Witness Special lasted an hour, and the evidence lasted about 10 minutes. The bulk of the programme was made up of an interview with Frank Gilford, the victim's brother, on the subject of why he had always been certain of Deborah Parry's guilt. There was all this previously unheard evidence, you see.
When it came, the evidence was convincing up to a point, but was presented in a rather naughty way. It was reasonable for Parry's former associates to talk about the scratches on her arms, and the hair missing from her head, but when we were told, in terms of resounding vagueness, about her "history of depression" and "signs of mania", it all got a bit uncomfortable - rather like a trial to which only the prosecution counsel had turned up.
But then, Deborah Parry has already presented her own defence on Panorama and GMTV. Yvonne Gilford's side was surely entitled to its say. In a case like this, where people from one culture are tried according to another, some re-examination is inevitable; but apres trial-by-television is still a dangerous thing to conduct.
What is one to make of these media free-for-alls, in which defendant fights accuser and network fights network? Irresistible to the viewer they may be, but their highly dubious message is that a judicial verdict is not an end in itself but - as in the Louise Woodward trial - a bone over which protagonists can keep on scrapping. It is as if the real verdict, the one that counts, is the one delivered by the viewers; according, in this instance, to whether we think that Parry on Panorama or her ex-associates on Witness Special had the gleam of truth in their eyes.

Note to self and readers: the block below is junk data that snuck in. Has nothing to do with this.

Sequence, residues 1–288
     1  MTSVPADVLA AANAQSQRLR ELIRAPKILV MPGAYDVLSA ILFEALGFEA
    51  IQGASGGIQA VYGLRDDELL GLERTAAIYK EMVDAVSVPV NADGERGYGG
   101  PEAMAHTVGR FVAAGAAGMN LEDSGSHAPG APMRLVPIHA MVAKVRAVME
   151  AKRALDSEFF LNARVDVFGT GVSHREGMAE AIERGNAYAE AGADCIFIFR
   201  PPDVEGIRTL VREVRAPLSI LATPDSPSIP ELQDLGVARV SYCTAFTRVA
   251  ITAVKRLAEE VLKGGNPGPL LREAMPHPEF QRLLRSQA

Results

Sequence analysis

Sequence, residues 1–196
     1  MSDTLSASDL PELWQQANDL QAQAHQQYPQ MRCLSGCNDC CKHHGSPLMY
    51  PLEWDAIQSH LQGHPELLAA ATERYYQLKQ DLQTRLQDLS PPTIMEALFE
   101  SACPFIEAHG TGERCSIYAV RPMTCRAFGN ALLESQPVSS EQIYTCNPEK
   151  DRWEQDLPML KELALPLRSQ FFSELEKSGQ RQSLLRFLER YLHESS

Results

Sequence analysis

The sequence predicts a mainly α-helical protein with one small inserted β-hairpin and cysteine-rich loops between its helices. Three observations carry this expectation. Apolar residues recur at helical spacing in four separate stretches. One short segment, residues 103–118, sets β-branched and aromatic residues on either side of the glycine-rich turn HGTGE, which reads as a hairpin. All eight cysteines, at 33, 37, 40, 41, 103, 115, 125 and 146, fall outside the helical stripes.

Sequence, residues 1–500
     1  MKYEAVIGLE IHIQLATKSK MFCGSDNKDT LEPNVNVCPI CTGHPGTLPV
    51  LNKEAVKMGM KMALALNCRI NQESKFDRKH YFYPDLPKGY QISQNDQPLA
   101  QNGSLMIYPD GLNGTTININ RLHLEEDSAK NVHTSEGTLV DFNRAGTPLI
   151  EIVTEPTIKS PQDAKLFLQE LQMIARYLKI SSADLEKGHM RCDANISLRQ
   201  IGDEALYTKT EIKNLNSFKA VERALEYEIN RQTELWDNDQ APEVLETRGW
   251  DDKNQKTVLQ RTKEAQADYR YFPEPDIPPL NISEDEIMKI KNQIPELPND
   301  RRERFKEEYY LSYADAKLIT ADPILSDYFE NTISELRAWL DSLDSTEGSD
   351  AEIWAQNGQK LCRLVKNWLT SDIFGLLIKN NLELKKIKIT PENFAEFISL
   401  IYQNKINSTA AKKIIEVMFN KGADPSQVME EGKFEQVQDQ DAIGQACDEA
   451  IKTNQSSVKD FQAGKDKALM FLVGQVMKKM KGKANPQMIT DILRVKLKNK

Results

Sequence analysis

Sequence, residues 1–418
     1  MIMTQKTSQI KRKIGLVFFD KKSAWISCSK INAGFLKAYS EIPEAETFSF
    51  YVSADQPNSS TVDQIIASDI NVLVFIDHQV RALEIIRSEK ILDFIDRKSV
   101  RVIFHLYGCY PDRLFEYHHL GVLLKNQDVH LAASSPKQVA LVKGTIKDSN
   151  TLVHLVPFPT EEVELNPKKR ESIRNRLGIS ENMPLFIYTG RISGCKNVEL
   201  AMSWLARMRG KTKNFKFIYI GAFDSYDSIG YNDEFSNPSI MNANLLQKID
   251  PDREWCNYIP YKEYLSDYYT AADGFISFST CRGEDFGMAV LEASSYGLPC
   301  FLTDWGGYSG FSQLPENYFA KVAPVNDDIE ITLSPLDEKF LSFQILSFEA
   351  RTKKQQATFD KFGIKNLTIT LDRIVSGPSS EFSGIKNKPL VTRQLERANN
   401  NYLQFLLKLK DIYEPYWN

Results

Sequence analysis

Wilfred Paterson, the helpless paedophile who told his story in Alan Bennett's Talking Heads (BBC2), could barely meet the gaze of the camera; but then, he was not trying to convince us of his innocence, only begging for our understanding. This was a brave subject for Bennett to take on, and some viewers may have found this sympathetic portrayal inappropriate. Perhaps I would, if I were a parent.
If the material was shocking, the world was recognisable and Wilfred was, in his way, a typical Bennett character. Indeed, his opening line about buying Liquorice Allsorts seemed exasperatingly predictable - only in Alan Bennett plays do men buy Liquorice Allsorts - until it became clear that the sweets were bought for the purpose of enticing children.
What was also made clear, and convincing, was that Wilfred only felt comfortable when with children, that they were drawn to him, and that - up to a ghastly point - he was often kinder to them than their own parents were. Quite rightly, no glib explanation was offered for why he went beyond that point. But David Haig, unbearably touching in the part, took you with Wilfred every inch of his way to temptation, resistance, and sorrowing fall.